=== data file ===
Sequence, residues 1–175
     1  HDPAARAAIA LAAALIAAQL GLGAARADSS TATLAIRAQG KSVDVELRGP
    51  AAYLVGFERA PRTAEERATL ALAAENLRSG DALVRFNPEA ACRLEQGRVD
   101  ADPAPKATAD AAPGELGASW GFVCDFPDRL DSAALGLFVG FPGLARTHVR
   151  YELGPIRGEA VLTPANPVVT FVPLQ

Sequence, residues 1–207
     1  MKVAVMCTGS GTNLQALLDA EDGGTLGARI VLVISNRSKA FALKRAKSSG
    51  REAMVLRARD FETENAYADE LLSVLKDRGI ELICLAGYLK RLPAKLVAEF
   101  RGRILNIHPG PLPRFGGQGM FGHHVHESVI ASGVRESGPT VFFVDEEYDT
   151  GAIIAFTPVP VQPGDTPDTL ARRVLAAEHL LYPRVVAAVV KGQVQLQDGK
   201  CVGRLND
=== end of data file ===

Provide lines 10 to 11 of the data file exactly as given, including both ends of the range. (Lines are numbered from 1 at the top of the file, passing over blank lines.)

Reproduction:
   151  GAIIAFTPVP VQPGDTPDTL ARRVLAAEHL LYPRVVAAVV KGQVQLQDGK
   201  CVGRLND